Charity Slam took place on the 1 November. The goal was to do an event that hadn’t been done before for fundraisers. Something a little disruptive, something that lets you have the space to think and create; something that allows you the chance to be curious and be yourself.
The founding of Charity Slam was in essence, on a principle of negatives. i.e. establish what the negatives are and logic dictates, the opposites are the positive.
Steph (business partner) and I work in the CSR/charity field day to day, and in doing so have been to a lot of conferences, talks and events to learn about fundraising, employee engagement, customer service, CSR, HR, PR, marketing and the rest. About three years ago when we were starting our business, it felt a little like a never-ending cycle of conferences.
Scrap all of that!
Earlier in 2017 we were sat in a coffee shop in the Wellcome Collection (my personal favourite place in the world) and we were agreeing that conferences and training all have some really common factors that are nothing, if not really dull. So, we took the negatives, and said, what would make them better? i.e. training often has too many PowerPoints. So, scrap them. Conferences have too many sales pitches, scrap them. Speakers often pitch “top five xyz to be great” etc. as working styles or rules, created because they work for someone. But it’s not universal. So, scrap all of that, let people come up with their plans – if they want to!
Once we had established the format, we knew on our own this could never work. So, we established a Council. Again, in the process of not doing what’s been done before there was an echo of “I hate the word committee”, we toyed with a few terms – Fellowship was a favourite for a short while – we wanted the council to be made up of fundraisers from different stages in their career, a representation of those we wanted attending, and in different fields, so we can make sure what is being learned is what fundraisers want to know more about.
Rather than what those at the top of their game, think others need to know more about. I’ve been moving around in the charity and fundraising sector for coming on ten years, in various guises. I’ve always enjoyed it, and fundraisers never cease to amaze me. My god does fundraising get a raw deal of it. Fundraisers often have higher targets than most business sales teams, they get no bonus, they must invent and create things from scratch with little or no support, or worse, with a barrel of criticism. And let’s not start on budgets.
Yet somehow, through it all fundraisers have the most imaginative ways of looking at things; manage to be genuinely nice people (the ones I meet anyway); and whether they’re a cause-lead fundraiser or more career fundraiser, it doesn’t matter. The passionate tenacity fundraisers bring to the sector is amazing.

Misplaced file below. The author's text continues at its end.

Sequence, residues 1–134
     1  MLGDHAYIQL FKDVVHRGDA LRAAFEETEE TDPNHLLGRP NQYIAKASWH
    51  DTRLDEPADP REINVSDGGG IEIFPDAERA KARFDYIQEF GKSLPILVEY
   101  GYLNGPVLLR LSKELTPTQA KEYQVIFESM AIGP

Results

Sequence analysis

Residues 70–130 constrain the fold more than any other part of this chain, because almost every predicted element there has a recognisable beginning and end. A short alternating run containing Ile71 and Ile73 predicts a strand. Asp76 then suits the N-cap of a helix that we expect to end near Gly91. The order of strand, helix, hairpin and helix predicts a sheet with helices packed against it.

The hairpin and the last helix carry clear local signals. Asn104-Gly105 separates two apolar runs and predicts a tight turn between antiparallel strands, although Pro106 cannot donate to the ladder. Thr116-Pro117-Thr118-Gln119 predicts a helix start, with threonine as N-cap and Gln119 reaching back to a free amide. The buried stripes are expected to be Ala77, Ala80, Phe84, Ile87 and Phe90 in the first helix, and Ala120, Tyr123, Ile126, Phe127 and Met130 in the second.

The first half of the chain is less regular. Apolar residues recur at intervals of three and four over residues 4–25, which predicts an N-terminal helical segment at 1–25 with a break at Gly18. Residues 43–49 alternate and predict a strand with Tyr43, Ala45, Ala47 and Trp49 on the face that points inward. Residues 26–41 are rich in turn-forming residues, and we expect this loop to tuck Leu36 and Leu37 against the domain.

Space for creativity, fun and play
However, despite this field of innovation we technically operate in; creativity, conceptualisation, fun and play seem to be discouraged in the charity sector. Considered a waste of time, or not “professional enough”.
We critique all the time rather than praise, and more so, these dynamics are impeded by so many restrictions placed on fundraisers. Too many levels of sign off, so many ideas getting prodded and pulled apart till they die before they can breathe.
Eight new fundraising ideas in 15 minutes!
At Charity Slam, in one of our sessions hosted by Child.org, the room collectively came up with eight, never before done, and genuinely excellent fundraising ideas, in 15 minutes. All of them had legs, sure some would need a little polish, but there were more than one that could be launched there and then, and probably make an easy couple of grand just off the back of talking about it. It was inspiring to see, it offered new perspectives, and my hope is that some fundraisers will be able to go back to their office and say, “Let’s just do it”.
Charity Slam has always felt to us like more of a rebellion than anything else. More of a movement and way of mind, than a “day conference out of the office”, perhaps a little bit punk in its mind set. This hopefully offers an insight into the why. In a nut shell we heard a lot of ‘what exists is all the same’ so did something else. And all in all, it has been deemed a success, the feedback has been positive and the ideas for 2018 are flowing already.
Tickets for Charity Slam 2018 have just gone live, and small charity bursary spaces are available by application on the website.
— Holly Christie (@Holly_Christie) November 2, 2017
Tom Downie is MD of Volume 48 and co-founder of Charity Slam.
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